In its final arguments, the Crown argued a B.C. woman standing trial in New Westminster meant to cause her daughter's death.

Prosecutor Chris McPherson said Lisa Batstone intended to kill the eight-year-old, regardless of whether she was impaired, under stress or dealing with mental health issues at the time.

Batstone was charged with second-degree murder following the death of her daughter Teagan in 2014.

The girl's body was found in the back of a vehicle in South Surrey. Her mother was arrested at the scene and charged the next day. Prosecutors say Teagan was smothered, and the defence does not dispute that.

Lawyers representing Batstone do not argue that the mother didn't play a role in Teagan's death, but say there's no way to prove intent.

Instead of second-degree murder, they're trying to convince a judge to find Batstone guilty of manslaughter.

But the Crown mentioned notes discovered around Batstone's home mentioning her ex-husband, Teagan's father, who had once tried to get temporary custody of their daughter following a suicide attempt by Batstone.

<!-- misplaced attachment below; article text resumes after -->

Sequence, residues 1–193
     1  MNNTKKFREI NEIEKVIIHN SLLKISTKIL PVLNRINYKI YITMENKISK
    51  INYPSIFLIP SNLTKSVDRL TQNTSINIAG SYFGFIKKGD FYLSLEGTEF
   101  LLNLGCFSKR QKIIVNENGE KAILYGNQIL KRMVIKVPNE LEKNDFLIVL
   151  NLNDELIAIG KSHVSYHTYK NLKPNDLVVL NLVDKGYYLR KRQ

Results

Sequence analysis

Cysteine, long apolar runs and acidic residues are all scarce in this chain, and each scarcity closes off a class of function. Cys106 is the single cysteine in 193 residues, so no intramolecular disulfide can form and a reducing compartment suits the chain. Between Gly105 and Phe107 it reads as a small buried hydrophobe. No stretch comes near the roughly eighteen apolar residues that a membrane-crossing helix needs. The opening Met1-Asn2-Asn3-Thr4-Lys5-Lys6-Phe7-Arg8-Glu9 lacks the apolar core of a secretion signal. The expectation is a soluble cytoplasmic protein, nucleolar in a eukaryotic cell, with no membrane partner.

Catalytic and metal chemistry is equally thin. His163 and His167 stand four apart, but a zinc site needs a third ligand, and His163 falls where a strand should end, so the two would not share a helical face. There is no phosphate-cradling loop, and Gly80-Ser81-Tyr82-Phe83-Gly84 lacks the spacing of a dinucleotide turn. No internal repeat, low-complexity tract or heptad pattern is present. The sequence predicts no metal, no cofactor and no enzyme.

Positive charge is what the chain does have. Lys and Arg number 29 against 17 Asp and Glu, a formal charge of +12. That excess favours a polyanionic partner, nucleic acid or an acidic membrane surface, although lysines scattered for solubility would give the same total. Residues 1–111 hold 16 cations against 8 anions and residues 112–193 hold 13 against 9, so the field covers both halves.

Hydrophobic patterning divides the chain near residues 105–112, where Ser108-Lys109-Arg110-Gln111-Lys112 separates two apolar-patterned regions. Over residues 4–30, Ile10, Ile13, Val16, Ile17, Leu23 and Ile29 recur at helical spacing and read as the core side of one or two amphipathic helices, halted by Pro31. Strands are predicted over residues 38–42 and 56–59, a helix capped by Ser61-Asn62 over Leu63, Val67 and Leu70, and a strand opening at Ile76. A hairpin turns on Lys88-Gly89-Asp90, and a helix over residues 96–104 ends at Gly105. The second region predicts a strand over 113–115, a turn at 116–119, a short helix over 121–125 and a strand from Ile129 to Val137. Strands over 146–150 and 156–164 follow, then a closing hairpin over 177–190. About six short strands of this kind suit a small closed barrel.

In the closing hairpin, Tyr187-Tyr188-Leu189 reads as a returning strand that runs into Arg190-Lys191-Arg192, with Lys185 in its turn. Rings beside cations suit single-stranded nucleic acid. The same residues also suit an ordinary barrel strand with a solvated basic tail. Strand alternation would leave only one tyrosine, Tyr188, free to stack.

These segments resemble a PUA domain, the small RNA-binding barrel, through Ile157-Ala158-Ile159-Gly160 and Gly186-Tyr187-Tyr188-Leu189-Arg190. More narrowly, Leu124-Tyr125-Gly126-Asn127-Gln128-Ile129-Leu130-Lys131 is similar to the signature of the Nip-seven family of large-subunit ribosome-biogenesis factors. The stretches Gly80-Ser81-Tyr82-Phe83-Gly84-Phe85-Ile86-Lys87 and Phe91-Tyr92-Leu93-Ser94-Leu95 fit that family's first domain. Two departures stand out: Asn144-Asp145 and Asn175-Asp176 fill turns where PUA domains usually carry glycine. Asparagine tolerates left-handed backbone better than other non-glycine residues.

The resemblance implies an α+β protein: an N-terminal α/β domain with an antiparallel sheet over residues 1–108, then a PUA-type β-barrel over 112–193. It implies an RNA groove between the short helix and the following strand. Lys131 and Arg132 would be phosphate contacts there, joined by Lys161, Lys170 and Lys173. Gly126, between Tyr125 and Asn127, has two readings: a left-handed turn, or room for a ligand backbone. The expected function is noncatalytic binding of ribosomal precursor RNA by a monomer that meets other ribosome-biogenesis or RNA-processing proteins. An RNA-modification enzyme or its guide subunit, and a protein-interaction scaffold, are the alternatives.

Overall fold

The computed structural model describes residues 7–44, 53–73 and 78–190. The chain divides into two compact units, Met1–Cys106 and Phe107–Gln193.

Earlier in the trial, the Crown argued Teagan's death was partially motivated by Batstone's hatred of her ex-husband.

McPherson mentioned one note that included a statement to the effect of not wanting to leave Teagan to him, and references to him "winning."

Defence rejected that motive, saying there is no proof she hated her ex more than she loved her daughter.

Earlier in the trial, a forensics officer testified about finding a plastic bag with duct tape on it in Batstone's home. The officer said a note was also found in Batstone's kitchen garbage that read "I'm sorry."

The Crown also told the court that Batstone did not call 911 after Teagan's death.

McPherson will continue with closing arguments Wednesday. The judge is expected to reserve her decision until a later date.

With files from CTV Vancouver's Maria Weisgarber